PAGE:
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- The Best Reviewed Books of the WeekMay 25, 2018
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One of the ways I determine which books have been “overlooked”—and it’s definitely an art, not a science—is to pay attention to chatter on social media (yes, I’m just like intelligence analysts that way). Some books get plenty of lift well before their release dates because avid readers love them, or because their publishers have high hopes for them. Others have relevant hooks, and readers get hooked by them. It’s easy to decide about all of those; they aren’t overlooked in the slightest.
It’s tougher to decide when a book has had some good reviews. I’ve talked about that before, about how good reviews don’t always translate into good sales—even when the reviews are in The New York Times or on NPR.com. However, I can tell you which good books definitely get overlooked: Those from small presses. While this column isn’t devoted to small and/or independent publishing houses, I’m always on the hunt for overlooked books from these outlets. In this month’s roundup I’ve included titles from Arcade Publishing, Dzanc Books, and Columbia University Press (some of the university presses are putting out terrific fiction now).
Sofia Kvoshchinskaya, City Folk and Country Folk
Columbia’s reprint of this 19th-century novel (in its first English translation by Nora Seligman Favorov) recounts the tale of impoverished noblewoman Nastasya Ivanovna and her daughter Olenka, who are trying to make ends meet on their wasting estate. When a few wealthy Muscovites arrive for a visit, brisk and insightful social commentary ensues. Think Mrs. Gaskell via Jane Austen via Mary Shelley, with a delightful sprinkling of Elinor Lipman and Andrew Sean Greer.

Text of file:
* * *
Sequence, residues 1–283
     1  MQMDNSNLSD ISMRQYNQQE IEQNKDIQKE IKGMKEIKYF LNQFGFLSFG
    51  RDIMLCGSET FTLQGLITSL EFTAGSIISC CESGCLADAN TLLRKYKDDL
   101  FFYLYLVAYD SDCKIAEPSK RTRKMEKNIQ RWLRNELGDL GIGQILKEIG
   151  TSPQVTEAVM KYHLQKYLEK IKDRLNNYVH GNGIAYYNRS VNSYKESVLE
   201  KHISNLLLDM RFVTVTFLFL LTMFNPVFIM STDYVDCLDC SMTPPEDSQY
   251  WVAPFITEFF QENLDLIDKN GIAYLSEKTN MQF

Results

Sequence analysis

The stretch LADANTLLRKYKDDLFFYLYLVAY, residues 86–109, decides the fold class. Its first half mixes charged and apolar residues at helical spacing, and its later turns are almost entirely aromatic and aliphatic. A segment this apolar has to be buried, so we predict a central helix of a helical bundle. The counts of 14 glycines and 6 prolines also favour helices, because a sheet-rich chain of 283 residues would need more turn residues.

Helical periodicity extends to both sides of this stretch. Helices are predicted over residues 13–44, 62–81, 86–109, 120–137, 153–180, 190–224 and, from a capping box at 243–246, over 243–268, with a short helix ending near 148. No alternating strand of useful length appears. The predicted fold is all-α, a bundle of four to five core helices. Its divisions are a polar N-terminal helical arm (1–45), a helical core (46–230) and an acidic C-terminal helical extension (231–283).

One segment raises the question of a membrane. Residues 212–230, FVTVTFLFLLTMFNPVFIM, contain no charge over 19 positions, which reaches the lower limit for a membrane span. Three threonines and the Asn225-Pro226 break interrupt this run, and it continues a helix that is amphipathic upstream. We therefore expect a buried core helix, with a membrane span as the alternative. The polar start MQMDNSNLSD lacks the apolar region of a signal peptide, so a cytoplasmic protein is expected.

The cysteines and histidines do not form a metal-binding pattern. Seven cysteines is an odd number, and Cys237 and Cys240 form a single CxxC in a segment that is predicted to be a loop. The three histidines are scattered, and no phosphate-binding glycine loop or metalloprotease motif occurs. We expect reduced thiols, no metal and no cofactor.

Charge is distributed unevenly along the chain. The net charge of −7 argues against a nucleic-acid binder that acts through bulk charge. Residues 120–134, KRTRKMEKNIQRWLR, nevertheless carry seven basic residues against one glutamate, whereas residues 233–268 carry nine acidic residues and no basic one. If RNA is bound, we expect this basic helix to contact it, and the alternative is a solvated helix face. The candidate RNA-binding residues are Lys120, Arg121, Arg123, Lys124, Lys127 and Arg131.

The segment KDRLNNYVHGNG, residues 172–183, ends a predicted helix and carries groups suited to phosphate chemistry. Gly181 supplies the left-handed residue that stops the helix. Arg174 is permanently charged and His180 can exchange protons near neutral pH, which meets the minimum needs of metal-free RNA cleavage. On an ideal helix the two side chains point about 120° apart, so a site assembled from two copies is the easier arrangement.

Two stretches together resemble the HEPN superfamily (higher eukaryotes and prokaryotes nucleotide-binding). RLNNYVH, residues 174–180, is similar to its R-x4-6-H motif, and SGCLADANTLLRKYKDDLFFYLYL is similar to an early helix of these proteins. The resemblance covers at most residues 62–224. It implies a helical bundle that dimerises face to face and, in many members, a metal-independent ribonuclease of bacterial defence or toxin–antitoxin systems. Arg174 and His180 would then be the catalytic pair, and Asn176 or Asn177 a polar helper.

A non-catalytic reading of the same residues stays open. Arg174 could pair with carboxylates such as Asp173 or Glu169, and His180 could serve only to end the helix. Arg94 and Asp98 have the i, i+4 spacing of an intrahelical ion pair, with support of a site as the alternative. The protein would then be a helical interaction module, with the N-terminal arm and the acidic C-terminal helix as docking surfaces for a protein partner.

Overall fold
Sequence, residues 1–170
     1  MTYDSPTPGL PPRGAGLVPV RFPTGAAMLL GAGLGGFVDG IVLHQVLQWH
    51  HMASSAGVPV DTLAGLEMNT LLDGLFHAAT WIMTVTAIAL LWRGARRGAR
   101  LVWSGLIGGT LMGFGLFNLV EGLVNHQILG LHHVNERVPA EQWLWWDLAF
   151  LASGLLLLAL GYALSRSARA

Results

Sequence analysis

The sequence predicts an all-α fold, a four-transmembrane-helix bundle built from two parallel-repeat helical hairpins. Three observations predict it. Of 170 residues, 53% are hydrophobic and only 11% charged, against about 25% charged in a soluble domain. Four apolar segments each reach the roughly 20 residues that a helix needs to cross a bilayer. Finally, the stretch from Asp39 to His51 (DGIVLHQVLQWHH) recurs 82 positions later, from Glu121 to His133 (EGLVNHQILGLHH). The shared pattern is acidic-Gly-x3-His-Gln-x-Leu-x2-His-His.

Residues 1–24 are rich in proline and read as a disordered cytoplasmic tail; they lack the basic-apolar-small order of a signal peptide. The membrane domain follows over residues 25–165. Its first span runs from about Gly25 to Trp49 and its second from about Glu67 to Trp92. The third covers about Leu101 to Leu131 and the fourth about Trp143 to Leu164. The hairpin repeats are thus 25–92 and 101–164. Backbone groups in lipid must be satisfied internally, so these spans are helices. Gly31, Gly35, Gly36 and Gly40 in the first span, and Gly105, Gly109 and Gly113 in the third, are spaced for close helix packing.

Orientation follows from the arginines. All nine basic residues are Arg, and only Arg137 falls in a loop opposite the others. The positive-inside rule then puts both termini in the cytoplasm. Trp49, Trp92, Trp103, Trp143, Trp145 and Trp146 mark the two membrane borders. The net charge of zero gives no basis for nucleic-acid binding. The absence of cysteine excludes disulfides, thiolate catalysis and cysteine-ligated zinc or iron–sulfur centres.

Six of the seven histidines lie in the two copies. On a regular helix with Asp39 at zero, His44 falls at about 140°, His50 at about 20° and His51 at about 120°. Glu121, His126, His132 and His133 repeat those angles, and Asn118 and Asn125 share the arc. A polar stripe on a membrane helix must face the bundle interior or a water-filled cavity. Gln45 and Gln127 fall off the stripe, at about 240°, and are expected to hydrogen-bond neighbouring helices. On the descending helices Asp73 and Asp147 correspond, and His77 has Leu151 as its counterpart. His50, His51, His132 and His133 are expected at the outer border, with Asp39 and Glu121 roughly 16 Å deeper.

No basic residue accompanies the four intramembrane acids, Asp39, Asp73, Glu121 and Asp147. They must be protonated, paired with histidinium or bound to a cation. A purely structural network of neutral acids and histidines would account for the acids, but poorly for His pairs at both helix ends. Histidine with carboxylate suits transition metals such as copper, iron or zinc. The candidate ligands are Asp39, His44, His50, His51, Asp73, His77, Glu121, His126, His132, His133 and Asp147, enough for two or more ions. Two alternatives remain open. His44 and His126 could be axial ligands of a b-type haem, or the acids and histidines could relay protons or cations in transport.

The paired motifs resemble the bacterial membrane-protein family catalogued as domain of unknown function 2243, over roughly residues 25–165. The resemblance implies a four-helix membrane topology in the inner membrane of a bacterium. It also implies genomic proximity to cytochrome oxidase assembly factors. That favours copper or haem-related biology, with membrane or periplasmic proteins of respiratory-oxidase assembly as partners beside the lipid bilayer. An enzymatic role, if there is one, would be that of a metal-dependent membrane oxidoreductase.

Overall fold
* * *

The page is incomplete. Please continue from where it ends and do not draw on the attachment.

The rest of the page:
Jarret Middleton, Darkansas
Jarret Middleton’s debut novel sports a blurb from Donald Ray Pollock, and that’s good enough for me. If it isn’t for you, here’s the gritty conceit: Jordan Bayne heads home to the Ozarks for his twin brother’s wedding, and discovers that every Bayne man since the Civil War has been a twin—and one of those twins always murders the other. Holy Cain and Abel! Middleton, an accomplished writer and publishing persona (he is, among many other things, founder of Pharos Editions, a division of Counterpoint), fashions an edgy, modern version of Southern Gothic, with plenty of atmosphere and action.
Hye-young Pyun, The Hole
The marketing copy for The Hole (Arcade, translated from the Korean by Sora Kim-Russell) mentions Shirley Jackson and Stephen King—a lot to live up to, but this novel about a bed-bound widower and his malevolent mother-in-law will surprisingly attract fans of both those American writers. Protagonist Oghi wakes up in hospital after a car crash and slowly realizes the woman who claims he shouldn’t thank her, “I’m only doing what I must” is digging deeply in his garden, and he’s going to have to do some digging around to figure out her scheme.
Ralf Rothmann, To Die in Spring
Ralf Rothmann is a Berlin-based novelist who has won numerous German awards for his work, including the prestigious Hölderlin Prize. Yes, To Die in Spring is about World War Two, but you should read this one because it’s not just the story of wartime trauma, but also the story of how that trauma affects the future. Walter Urban and his friend Friedrich Caroli are just 17 years old when they’re drafted from their dairy-farm duties into the trenches. Today, right now, we all need to read the chilling section in which very young men are hectored into military service.
Rachel Seiffert, A Boy in Winter
Another novel of war, this one set in 1941, is A Boy in Winter is an example of a book with great reviews (including one from The New York Times) that hasn’t gotten a lot of readerly chatter—yet. Is it one of those “I’ll wait for the paperback” situations, or is it battle-fiction fatigue? I hope either or both can be remedied, because Seiffert’s writing about Nazi oppression is as luminous as Rebecca Dinerstein’s writing about religious joy. Stories of several characters in and around a small Ukrainian town come together in an immersive way.